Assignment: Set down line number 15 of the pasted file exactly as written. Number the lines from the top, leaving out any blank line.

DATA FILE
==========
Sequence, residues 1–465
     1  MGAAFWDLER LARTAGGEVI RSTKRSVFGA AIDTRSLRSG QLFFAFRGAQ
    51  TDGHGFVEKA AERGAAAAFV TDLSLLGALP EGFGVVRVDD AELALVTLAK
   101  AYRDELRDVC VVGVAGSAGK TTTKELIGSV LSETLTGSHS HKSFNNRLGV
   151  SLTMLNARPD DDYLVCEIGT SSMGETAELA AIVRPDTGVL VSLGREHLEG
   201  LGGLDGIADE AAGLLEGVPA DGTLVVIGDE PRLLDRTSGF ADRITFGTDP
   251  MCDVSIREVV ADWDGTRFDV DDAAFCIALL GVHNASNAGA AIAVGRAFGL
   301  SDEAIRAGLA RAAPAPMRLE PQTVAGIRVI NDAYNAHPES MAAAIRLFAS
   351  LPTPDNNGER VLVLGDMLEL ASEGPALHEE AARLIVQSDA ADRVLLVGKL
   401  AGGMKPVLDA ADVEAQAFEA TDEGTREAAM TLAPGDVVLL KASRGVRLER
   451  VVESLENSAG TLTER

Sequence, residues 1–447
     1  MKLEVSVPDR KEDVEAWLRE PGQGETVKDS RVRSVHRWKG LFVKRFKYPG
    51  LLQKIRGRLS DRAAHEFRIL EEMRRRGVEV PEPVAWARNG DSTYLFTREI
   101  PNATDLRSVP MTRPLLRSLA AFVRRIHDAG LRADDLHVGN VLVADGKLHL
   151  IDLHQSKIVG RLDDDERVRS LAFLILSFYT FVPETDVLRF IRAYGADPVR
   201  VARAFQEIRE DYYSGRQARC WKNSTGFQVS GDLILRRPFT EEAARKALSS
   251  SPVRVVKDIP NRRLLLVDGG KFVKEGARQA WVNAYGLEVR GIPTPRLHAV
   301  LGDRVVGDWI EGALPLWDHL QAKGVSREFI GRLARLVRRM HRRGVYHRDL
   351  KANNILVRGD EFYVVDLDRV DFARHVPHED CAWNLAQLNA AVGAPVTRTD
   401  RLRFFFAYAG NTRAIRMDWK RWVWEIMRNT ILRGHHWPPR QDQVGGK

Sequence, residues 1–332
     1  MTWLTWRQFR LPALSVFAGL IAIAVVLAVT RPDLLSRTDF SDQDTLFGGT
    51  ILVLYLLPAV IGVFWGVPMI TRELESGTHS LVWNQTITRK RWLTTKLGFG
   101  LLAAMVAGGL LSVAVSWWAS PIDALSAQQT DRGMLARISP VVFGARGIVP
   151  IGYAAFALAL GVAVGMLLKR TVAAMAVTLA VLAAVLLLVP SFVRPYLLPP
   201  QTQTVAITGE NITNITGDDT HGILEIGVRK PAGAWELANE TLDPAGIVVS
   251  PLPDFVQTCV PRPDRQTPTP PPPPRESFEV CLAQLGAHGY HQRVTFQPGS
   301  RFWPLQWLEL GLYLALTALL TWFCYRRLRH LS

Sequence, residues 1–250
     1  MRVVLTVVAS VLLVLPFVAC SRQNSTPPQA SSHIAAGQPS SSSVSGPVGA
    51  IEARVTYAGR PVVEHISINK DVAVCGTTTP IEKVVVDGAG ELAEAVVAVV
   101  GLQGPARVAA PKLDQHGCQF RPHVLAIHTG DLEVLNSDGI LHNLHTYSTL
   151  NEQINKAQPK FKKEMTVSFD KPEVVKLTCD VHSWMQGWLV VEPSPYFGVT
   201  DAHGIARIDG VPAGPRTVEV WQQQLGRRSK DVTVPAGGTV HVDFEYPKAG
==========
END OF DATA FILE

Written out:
   101  PNATDLRSVP MTRPLLRSLA AFVRRIHDAG LRADDLHVGN VLVADGKLHL